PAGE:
Transcript - press conference - Great Barrier Reef

By Terri Butler MP

13 January 2021

Well, it is so great to be here today in Cairns, my hometown. I always come back to Cairns as much as I possibly can, having grown up here. But today, I'm here to be here in my capacity as the Shadow Minister for the Environment and Water.
I’m in Cairns today, and we were here yesterday, to visit the Great Barrier Reef, a wonder of the natural world, such an important place for the entire globe, an important place of course for Australia, and for Queensland.

We went to the reef yesterday, had a snorkel and went out Association of Marine Park Tourism Operators to talk to them about how their experiencing things at the moment.
The reef was absolutely beautiful, as is so often is when you go out, beautiful day, get out there with the snorkels, check out the coral and the marine environment of course, and the fish, the marine life. We had a beautiful experience at the Great Barrier Reef. Of course, everyone knows that it is facing significant environmental challenges.
The reef is facing significant environmental challenges. First and foremost, the greatest challenge to the reef is climate change. And it's also important that people know that the reef is very much alive and a beautiful place to visit. Because it's important for both the tourism sector, which supports tens of thousands of jobs and it's important for conservation efforts that people do continue to visit the Great Barrier Reef.
The more that people come here, the more inspired they will be to support conservation efforts on the Great Barrier Reef. So I want to encourage Queenslanders and Australians, COVID restrictions permitting of course, to come up to Cairns, to come up to anywhere along almost the entire east coast of Queensland, the reef is a massive property, we’re talking a thousand islands three-thousand reefs, more than that in fact, to get up to Queensland and visit the reef, to Cairns COVID restrictions permitted. And of course, Queenslanders, people who live in Brisbane like I do, wherever you are in Queensland, if you can get to the reef, please do so because it's important for this tourism sector and it's important for conservation.
Tourism operators told me yesterday, they are really worried. They’ve obviously been hit so hard by the COVID pandemic. And of course, they're always concerned about making sure that their economy here is actually thriving.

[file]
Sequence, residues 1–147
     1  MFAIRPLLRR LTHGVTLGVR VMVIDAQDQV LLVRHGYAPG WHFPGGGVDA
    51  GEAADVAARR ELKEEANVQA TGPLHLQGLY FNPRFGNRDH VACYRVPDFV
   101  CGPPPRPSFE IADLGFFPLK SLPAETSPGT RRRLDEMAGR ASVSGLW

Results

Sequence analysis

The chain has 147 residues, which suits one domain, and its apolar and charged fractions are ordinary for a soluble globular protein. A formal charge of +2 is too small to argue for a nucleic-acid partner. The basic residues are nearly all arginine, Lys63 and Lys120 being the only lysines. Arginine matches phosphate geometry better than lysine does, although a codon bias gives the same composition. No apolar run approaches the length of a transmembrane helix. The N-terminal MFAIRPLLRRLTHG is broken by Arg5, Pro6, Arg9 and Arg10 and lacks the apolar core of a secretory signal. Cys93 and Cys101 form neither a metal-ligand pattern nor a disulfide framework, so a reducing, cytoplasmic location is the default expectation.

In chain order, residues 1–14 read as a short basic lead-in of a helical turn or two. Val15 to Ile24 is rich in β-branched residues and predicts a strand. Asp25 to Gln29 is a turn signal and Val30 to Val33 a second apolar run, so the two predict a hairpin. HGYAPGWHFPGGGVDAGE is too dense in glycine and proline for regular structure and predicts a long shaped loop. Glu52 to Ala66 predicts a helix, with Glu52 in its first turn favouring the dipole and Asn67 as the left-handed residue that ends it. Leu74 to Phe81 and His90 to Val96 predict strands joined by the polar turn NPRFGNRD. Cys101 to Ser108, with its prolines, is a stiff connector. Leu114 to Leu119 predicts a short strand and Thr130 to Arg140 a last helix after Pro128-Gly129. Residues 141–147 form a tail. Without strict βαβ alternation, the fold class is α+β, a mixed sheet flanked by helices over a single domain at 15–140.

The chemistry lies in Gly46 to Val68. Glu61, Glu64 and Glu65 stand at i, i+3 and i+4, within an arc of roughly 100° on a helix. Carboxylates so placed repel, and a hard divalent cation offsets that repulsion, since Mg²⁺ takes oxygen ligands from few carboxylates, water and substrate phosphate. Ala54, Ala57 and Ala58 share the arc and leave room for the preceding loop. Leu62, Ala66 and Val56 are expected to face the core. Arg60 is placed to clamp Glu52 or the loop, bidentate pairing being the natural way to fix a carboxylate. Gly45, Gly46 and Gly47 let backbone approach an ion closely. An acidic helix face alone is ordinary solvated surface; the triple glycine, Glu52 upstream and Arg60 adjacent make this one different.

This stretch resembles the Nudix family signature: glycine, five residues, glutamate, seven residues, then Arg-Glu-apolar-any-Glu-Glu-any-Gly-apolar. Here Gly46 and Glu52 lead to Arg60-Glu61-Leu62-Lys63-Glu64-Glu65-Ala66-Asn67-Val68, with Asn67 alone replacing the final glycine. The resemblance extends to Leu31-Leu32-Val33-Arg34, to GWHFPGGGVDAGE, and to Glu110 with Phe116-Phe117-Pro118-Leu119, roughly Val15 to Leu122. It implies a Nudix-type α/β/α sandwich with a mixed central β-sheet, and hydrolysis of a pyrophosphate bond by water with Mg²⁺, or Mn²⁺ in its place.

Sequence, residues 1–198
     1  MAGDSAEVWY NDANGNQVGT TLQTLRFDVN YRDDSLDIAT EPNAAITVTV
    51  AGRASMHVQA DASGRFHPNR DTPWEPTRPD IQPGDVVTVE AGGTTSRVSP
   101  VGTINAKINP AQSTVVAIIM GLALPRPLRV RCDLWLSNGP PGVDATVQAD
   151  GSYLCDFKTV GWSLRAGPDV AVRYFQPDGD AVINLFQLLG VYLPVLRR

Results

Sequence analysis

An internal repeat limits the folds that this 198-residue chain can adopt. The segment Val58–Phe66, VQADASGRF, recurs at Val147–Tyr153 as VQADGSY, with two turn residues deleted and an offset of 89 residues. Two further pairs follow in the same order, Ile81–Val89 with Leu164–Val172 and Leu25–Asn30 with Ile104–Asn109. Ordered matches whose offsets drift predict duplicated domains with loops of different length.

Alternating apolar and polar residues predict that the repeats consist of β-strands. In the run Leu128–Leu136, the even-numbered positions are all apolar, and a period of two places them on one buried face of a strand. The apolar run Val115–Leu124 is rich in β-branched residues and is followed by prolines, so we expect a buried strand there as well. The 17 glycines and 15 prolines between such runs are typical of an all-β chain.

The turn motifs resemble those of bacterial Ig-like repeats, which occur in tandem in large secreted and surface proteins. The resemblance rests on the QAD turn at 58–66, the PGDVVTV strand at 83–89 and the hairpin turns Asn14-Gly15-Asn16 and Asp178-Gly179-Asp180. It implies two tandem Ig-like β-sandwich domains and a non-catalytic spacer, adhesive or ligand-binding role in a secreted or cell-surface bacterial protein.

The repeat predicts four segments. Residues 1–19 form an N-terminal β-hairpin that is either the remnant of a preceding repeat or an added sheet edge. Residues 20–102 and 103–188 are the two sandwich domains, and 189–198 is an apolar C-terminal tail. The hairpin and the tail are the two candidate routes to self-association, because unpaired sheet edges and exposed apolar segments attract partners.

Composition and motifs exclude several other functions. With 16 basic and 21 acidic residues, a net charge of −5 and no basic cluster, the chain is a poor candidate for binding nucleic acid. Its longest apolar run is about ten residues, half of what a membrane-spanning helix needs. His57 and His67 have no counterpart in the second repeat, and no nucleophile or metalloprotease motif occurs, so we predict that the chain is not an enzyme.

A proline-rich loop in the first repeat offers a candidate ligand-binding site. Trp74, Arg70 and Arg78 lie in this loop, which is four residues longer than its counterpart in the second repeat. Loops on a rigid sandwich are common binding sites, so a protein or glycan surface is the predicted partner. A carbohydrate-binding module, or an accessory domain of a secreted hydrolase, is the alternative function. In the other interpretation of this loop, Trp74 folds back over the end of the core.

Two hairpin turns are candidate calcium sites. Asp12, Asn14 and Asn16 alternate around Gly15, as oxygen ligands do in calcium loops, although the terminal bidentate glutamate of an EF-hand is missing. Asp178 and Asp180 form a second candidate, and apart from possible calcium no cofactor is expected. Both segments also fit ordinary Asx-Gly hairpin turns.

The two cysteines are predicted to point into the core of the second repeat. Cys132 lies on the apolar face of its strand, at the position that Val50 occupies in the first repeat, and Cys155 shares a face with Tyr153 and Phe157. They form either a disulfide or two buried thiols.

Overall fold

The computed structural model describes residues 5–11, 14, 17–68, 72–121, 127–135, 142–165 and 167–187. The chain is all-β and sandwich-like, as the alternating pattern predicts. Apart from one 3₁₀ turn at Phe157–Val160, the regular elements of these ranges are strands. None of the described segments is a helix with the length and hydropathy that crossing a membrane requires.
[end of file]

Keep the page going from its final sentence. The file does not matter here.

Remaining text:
They're super worried about what's going to happen at the end of March. JobKeeper is going to be shut down. It's already been cut in January, it will be closed down in March at the moment is the current arrangements from the government. They're worried about their economic support and regional economy just falling off a cliff at that point.
So tourism operators and the entire economy here in far north Queensland and up and down the reef, need to know, they need some certainty from the government about what they're going to do to continue to support our economy once we get to the end of March when JobKeeper is due to expire.
They want to know what this government is doing. The government needs to stop stuffing around and actually give people some certainty. There needs to be targeted support, there needs to be support for our economy and there particularly needs to be support for trade exposed economic issues, like tourism and of course, we all know that here in Cairns we’re particularly interested in international tourism, it’s been so important for the economy for such a long period of time. 
So we need strong conservation efforts from the Morrison government, they need to do better. Now they've had a major scandal with the reef, with the awarding of $444 million to a not for profit, private foundation, done behind closed doors. They need to do better when it comes to conservation. And they need to provide much greater support for real action on climate change. And really importantly, right now, they need to provide economic certainty to tourism operators.
Thanks everyone, I’ll take questions.